Re: [Qemu-devel] [RFC] Next gen kvm api

From: Avi Kivity
Date: Tue Feb 07 2012 - 08:16:46 EST

On 02/07/2012 02:51 PM, Alexander Graf wrote:
On 07.02.2012, at 13:24, Avi Kivity wrote:

> On 02/07/2012 03:08 AM, Alexander Graf wrote:
>> I don't like the idea too much. On s390 and ppc we can set other vcpu's interrupt status. How would that work in this model?
> It would be a "vm-wide syscall". You can also do that on x86 (through KVM_IRQ_LINE).
>> I really do like the ioctl model btw. It's easily extensible and easy to understand.
>> I can also promise you that I have no idea what other extensions we will need in the next few years. The non-x86 targets are just really very moving. So having an interface that allows for easy extension is a must-have.
> Good point. If we ever go through with it, it will only be after we see the interface has stabilized.

Not sure we'll ever get there. For PPC, it will probably take another 1-2 years until we get the 32-bit targets stabilized. By then we will have new 64-bit support though. And then the next gen will come out giving us even more new constraints.

I would expect that newer archs have less constraints, not more.

The same goes for ARM, where we will get v7 support for now, but very soon we will also want to get v8. Stabilizing a target so far takes ~1-2 years from what I've seen. And that stabilizing to a point where we don't find major ABI issues anymore.

The trick is to get the ABI to be flexible, like a generalized ABI for state. But it's true that it's really hard to nail it down.

>> The framework is in KVM today. It's called ONE_REG. So far only PPC implements a few registers. If you like it, just throw all the x86 ones in there and you have everything you need.
> This is more like MANY_REG, where you scatter/gather a list of registers in userspace to the kernel or vice versa.

Well, yeah, to me MANY_REG is part of ONE_REG. The idea behind ONE_REG was to give every register a unique identifier that can be used to access it. Taking that logic to an array is trivial.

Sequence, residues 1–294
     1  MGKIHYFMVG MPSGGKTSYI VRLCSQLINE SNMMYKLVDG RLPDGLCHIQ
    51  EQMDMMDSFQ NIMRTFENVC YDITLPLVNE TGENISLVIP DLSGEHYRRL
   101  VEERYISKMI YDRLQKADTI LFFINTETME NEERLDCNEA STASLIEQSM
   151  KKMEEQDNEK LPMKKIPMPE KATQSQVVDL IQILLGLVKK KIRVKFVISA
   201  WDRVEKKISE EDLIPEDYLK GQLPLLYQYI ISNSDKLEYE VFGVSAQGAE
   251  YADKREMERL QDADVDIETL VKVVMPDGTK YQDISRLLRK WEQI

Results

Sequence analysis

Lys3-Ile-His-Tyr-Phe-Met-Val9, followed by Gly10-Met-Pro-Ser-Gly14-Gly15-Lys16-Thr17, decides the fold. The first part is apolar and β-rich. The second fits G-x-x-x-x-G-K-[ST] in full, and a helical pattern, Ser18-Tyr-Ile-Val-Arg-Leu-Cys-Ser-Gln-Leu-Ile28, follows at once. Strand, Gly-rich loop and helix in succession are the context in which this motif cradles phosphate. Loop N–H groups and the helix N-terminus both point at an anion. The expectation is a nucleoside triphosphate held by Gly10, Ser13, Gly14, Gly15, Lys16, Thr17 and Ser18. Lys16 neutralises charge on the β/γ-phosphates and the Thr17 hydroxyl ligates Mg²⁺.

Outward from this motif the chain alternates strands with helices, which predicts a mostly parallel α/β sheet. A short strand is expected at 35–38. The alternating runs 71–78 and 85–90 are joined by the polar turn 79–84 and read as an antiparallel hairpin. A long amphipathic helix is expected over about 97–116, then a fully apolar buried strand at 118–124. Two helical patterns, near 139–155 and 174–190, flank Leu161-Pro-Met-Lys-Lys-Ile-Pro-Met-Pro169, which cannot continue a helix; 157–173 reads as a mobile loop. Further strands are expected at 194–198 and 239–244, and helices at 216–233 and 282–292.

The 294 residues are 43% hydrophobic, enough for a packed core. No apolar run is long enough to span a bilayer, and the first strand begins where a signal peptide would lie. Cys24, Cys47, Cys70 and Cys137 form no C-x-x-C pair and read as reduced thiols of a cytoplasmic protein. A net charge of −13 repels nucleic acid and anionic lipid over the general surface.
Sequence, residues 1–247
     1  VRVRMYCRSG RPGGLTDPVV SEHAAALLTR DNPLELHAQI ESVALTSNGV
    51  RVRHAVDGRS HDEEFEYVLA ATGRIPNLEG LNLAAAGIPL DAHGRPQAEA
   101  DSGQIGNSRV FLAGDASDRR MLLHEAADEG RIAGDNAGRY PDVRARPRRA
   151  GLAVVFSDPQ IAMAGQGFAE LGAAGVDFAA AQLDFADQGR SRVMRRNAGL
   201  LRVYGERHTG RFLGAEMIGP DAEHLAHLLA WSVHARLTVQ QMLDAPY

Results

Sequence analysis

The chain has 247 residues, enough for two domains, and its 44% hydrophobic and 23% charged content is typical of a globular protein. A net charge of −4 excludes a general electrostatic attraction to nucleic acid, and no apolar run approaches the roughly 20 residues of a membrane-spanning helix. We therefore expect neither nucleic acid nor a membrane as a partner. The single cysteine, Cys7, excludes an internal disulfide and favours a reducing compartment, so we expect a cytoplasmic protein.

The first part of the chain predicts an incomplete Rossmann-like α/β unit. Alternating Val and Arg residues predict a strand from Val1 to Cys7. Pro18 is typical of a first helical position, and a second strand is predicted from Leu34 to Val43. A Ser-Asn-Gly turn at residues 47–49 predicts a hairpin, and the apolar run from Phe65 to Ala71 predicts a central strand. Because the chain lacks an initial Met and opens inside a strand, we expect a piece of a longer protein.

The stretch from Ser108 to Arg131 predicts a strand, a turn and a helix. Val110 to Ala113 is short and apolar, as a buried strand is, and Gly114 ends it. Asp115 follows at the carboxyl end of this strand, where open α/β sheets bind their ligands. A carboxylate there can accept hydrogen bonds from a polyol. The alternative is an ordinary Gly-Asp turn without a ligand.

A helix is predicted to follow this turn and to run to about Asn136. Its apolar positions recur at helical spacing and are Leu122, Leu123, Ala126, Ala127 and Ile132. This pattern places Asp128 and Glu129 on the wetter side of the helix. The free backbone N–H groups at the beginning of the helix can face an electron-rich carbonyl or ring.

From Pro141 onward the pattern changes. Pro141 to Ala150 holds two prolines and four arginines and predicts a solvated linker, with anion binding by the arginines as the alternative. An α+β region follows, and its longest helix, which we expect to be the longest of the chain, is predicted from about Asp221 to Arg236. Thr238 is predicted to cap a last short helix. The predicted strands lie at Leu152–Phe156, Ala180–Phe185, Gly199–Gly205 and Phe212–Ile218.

Definitely easy to extend.

>> >> The communications between the local APIC and the IOAPIC/PIC will be
>> >> done over a socketpair, emulating the APIC bus protocol.
>> What is keeping us from moving there today?
> The biggest problem with this proposal is that what we have today works reasonably well. Nothing is keeping us from moving there, except the fear of performance regressions and lack of strong motivation.

So why bring it up in the "next-gen" api discussion?

One reason is to try to shape future changes to the current ABI in the same direction. Another is that maybe someone will convince us that it is needed.

> There's no way a patch with 'VGA' in it would be accepted.

Why not? I think the natural step forward is hybrid acceleration. Take a minimal subset of device emulation into kernel land, keep the rest in user space.

When a device is fully in the kernel, we have a good specification of the ABI: it just implements the spec, and the ABI provides the interface from the device to the rest of the world. Partially accelerated devices means a much greater effort in specifying exactly what it does. It's also vulnerable to changes in how the guest uses the device.